By Joseph Staszewski
Aaron Acosta made a promise while playing third to a group of St. Francis Prep parents behind the fence near the base. The Terriers’ offense was struggling in a tight game against McClancy. Acosta vowed to change that.
“I was joking with one of the parents,” he said. “I said, ‘Don’t worry. I’m going to do something.’”
Acosta made good on his promise. He delivered an RBI double deep to left field to bring home Taso Stathpoutos as the go-head run to put the Terriers up for good in the top of the sixth. Starter Dylan Lawrence stranded two runs in the seventh to close out a 2-1 win over the host Crusaders in CHSAA Class AA baseball Monday afternoon.
“I went up there with confidence and I got the hit,” Acosta said. “I pointed to the [parents]. They were having a blast.”
Lawrence was superb despite the lack of offense. The junior righty tossed a three-hitter, allowing just one unearned run, striking out five and walking two. He worked out of jams all game, bearing down when he needed to most.
“I feel like every pitch matters,” Lawrence said. “Every pitch has to be good, no mistakes, don’t leave anything up.”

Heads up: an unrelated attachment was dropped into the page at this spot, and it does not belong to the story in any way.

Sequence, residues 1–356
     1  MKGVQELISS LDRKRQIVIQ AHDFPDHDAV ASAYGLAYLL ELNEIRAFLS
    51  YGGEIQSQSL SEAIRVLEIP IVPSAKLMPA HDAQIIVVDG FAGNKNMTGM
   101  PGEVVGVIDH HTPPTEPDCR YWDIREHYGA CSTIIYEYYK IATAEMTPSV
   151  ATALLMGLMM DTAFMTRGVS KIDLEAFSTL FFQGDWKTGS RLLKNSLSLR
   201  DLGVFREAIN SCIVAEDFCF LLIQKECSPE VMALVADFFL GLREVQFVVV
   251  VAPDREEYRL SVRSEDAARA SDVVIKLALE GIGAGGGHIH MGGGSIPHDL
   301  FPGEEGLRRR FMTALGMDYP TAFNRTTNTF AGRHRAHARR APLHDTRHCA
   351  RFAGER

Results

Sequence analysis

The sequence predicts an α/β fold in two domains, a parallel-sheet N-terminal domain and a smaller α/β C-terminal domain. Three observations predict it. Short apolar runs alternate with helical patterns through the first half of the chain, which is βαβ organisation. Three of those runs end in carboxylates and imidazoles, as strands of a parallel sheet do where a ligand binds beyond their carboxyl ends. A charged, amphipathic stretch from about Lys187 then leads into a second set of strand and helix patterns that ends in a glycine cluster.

Bob Perretti gave the Terriers a 1-0 lead with an RBI-single in the first inning. McClancy tied the score in the third thanks to an RBI-ground-out from Josh Ockimey. The St. Francis Prep lead appeared in jeopardy in the sixth. McClancy’s Mike Libasci dropped a soft single into shallow centerfield.
Xavier Susana quickly fielded the ball and threw a perfect strike home to cut down the potential tying run. The Terriers’ bench had the utmost confidence he would get the job done and move them to 4-0 in the league.
“He has a great arm,” SFP Coach Brother Robert Kent said.
McClancy headman Nick Melito said it was the right decision to send the runners there with two outs and Lawrence pitching so well. He praised his own hurlers, starter Brian Hughes and Ockimey, who came on in relief to keep the Terriers’ lineup to just six hits. They got the one that counted, though.
“Give them credit,” Melito said. “They got the hit when they needed it. It was close.”